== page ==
Friday, 3 June 2016

How to write Spark jobs in Java for Spark Job Server

In the previous post, we learnt about setting up Spark job server, and running the spark jobs. So far, we have used Scala programs to run on job server. Now we’ll see, how to write the Spark jobs in java to run on job server.

As in Scala, job must implement the SparkJob trait.  So the job looks like this:

object SampleJob  extends SparkJob {
    override def runJob(sc:SparkContext, jobConfig: Config): Any = ???
    override def validate(sc:SparkContext, config: Config): SparkJobValidation = ???
}

What these methods are:
  • runJob method contains the implementation of the Job. The SparkContext is managed by the JobServer and will be provided to the job through this method. This relieves the developer from the boiler-plate configuration management that comes with the creation of a Spark job and allows the Job Server to manage and re-use contexts.
  • validate method allows for an initial validation of the context and any provided configuration. If the context and configuration are OK to run the job, returning spark.jobserver.SparkJobValid will let the job execute, otherwise returning spark.jobserver.SparkJobInvalid(reason) prevents the job from running and provides means to convey the reason of failure. In this case, the call immediately returns an HTTP/1.1 400 Bad Request status code.
    validate helps preventing running jobs that will eventually fail due to missing or wrong configuration and save both time and resources.

In Java, we need to extend JavaSparkJob class. It has following methods which will be overridden in the program:
  • runJob(jsc: JavaSparkContext, jobConfig: Config)
  • validate(sc: SparkContext, config: Config)
  • invalidate(jsc: JavaSparkContext, config: Config)

JavaSparkJob class is available in job-server-api package. Build the job-server-api source code and add this jar to your project.  Add spark and other required dependencies in your pom.xml. 

Let’s start with the basic WordCount example:

WordCount.java:

package spark.jobserver;

import java.io.Serializable;
import java.util.Arrays;
import java.util.List;
import java.util.regex.Pattern;

import org.apache.commons.lang.StringUtils;
import org.apache.spark.SparkContext;
import org.apache.spark.api.java.JavaPairRDD;
import org.apache.spark.api.java.JavaRDD;
import org.apache.spark.api.java.JavaSparkContext;
import org.apache.spark.api.java.function.FlatMapFunction;
import org.apache.spark.api.java.function.Function2;
import org.apache.spark.api.java.function.PairFunction;
import scala.Tuple2;
import spark.jobserver.JavaSparkJob;
import spark.jobserver.SparkJobInvalid;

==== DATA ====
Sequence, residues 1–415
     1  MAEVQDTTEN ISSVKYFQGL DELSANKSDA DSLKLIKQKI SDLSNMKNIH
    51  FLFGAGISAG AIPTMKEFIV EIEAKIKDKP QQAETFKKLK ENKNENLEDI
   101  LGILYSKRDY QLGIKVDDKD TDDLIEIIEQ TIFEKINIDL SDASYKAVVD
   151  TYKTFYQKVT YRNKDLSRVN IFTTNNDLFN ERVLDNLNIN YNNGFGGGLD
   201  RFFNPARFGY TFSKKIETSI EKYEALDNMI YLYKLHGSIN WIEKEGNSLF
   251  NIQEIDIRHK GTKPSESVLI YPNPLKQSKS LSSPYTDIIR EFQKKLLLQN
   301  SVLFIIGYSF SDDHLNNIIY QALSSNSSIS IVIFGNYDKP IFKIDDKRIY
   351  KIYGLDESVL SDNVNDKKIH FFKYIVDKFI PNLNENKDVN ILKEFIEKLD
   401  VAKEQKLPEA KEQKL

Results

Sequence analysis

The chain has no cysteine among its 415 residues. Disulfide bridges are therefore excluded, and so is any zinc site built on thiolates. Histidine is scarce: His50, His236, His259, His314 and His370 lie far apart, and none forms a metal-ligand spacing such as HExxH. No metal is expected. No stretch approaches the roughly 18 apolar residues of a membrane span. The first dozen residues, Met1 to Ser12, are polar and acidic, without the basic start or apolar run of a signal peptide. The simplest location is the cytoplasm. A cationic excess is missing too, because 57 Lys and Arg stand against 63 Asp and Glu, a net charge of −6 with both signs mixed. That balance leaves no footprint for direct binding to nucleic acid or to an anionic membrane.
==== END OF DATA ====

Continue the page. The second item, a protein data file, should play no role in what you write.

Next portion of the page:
import spark.jobserver.SparkJobValid$;
import spark.jobserver.SparkJobValidation;
import com.typesafe.config.Config;
public class Wordcount extends JavaSparkJob implements Serializable { 
       private static final long serialVersionUID = 1L;
private static final Pattern SPACE = Pattern.compile(" ");
static String fileName = StringUtils.EMPTY;

       public Object runJob(JavaSparkContext jsc, Config config) {
              try {
                     JavaRDD<String> lines = jsc.textFile(
                                  config.getString("input.filename"), 1);
                     JavaRDD<String> words = lines
                                  .flatMap(new FlatMapFunction<String, String>() {
                                         public Iterable<String> call(String s) {
                                                return Arrays.asList(SPACE.split(s));
                                         }
                                  });
                     JavaPairRDD<String, Integer> counts = words.mapToPair(
                                  new PairFunction<String, String, Integer>() {
                                         public Tuple2<String, Integer> call(String s) {
                                                return new Tuple2<String, Integer>(s, 1);
                                         }
                                  }).reduceByKey(new Function2<Integer, Integer, Integer>() {
                           public Integer call(Integer i1, Integer i2) {
                                  return i1 + i2;
                           }
                     });
                     List<Tuple2<String, Integer>> output = counts.collect();
                     System.out.println(output);
                     return output;
              } catch (Exception e) {
                     e.printStackTrace();
                     return null;
              }
       }

       public SparkJobValidation validate(SparkContext sc, Config config) {
              String filename = config.getString("input.filename");
              if (!filename.isEmpty()) {
                     return SparkJobValid$.MODULE$;
              } else {
                     return new SparkJobInvalid(
                                  "Input paramerter is missing. Please mention the filename");
              }
       }

       public String invalidate(JavaSparkContext jsc, Config config) {
              return null;
       }
}

Next step is : compile the code and build the jar. Then upload it to the Job server.

So your Spark job is ready to run on JobServer....!!!